Bow Little Market vendors help shape a new economy of wood by utilizing resources often overlooked and underused. Dan Sweaney, who lives just down the road from the Beau Lodge on Wood Road, is a good example of someone learning to responsibly manage his woodlot as a vital resource to his wood working business. Out of his own woodlot, Sweaney harvests fallen cedars left over from a 100-year-old logging operation. From neighboring logging sites, he scavenges waste wood. A birch tree, once planted too close to his house endangering people and property, was taken down and milled at Bormuth’s neighborhood sawmill up the street on Barrell Springs Road. It now sits curing in his shop awaiting the time it will be converted into stools and tables.
Allen Berry, another Bow Little Market vendor, uses sustainably, locally harvested wood for his drop spindles, knitting needles, and crochet hooks. Lilac and holly are some of his favorite woods to use. Although he has no woodlot of his own, he collects an abundance of free materials. Just this summer, with permission from owner, he harvested an ancient lilac tree that had fallen over in a snow storm because it had grown to shaded, spindly and weak. This one tree will provide him years of free wood for his hooks and needles, a discount he then passes on to his customers. Berry grew up in the American Southwest and was strongly influenced by Native American heritage of crafting with what nature provides and has spent his whole life learning and experimenting with resources that are natural, free and abundant if you only open your eyes.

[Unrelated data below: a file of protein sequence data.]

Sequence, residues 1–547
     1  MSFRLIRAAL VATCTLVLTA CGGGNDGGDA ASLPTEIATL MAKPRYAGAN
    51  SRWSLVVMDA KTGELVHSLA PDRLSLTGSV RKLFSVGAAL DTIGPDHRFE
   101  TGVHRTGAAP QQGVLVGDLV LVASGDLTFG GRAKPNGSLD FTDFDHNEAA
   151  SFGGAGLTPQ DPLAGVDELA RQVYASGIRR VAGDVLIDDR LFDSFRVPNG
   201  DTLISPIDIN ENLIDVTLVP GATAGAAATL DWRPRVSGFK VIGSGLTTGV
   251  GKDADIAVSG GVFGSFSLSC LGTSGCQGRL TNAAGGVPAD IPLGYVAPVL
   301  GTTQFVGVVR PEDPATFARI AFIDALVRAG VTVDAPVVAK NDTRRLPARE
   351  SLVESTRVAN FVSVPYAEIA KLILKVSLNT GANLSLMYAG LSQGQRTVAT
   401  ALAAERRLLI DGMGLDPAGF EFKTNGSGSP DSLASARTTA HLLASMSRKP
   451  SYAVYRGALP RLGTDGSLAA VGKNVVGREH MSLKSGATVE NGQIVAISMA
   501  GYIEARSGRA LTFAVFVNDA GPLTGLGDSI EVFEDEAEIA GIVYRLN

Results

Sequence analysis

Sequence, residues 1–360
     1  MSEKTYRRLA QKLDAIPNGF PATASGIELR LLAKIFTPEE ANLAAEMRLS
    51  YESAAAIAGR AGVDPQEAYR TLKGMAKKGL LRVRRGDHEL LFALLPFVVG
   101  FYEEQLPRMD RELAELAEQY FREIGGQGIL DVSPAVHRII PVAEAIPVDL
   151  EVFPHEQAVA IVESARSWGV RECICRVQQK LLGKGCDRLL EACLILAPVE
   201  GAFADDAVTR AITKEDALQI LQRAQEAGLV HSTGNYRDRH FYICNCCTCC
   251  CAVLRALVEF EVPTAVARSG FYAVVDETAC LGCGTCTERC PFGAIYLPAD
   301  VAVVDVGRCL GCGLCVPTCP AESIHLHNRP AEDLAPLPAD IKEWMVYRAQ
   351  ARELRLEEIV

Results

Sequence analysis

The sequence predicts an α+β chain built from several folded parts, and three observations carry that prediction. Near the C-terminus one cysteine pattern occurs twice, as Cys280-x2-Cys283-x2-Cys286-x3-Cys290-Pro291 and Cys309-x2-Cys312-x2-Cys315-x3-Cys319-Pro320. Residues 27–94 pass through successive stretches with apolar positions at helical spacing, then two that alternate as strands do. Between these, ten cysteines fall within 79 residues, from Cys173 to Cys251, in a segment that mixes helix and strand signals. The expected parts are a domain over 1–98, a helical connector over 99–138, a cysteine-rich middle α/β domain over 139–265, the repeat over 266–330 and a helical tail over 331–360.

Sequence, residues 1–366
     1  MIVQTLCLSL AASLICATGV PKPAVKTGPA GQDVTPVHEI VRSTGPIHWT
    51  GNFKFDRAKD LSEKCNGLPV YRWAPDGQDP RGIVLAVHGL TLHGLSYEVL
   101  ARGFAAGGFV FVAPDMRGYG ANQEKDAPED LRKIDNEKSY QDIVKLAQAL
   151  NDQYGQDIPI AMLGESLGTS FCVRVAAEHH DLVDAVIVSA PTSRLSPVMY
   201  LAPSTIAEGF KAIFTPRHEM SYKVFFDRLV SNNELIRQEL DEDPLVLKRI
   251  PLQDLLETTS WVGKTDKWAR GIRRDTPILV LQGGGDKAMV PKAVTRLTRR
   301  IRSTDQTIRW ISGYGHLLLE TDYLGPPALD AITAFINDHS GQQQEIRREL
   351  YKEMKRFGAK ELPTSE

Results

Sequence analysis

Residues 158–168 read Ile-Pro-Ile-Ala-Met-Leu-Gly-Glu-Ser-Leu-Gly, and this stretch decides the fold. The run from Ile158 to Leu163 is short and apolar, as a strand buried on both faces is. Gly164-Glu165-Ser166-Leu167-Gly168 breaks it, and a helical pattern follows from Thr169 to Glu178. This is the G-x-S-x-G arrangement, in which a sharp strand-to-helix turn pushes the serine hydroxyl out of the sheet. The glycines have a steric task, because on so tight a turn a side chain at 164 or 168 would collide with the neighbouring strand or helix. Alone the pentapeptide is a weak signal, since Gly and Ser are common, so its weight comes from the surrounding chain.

Both Dan and Allen are essential volunteers for the Bow Little Market. Dan spends hours helping set up and break down the market every week. Allen, a retired sign painter, kindly donates his time and skill to make much of our hand lettered signage. Through both their craft and volunteer efforts, these men are helping to build a new localized, more cooperative economy that fits within the limits of our beautiful place here in the Samish Watershed.
Chuckanut Transition Community
We're all rural, independent and capable people learning to live cooperatively with one another and with our natural surroundings while recreating our lost village economic network.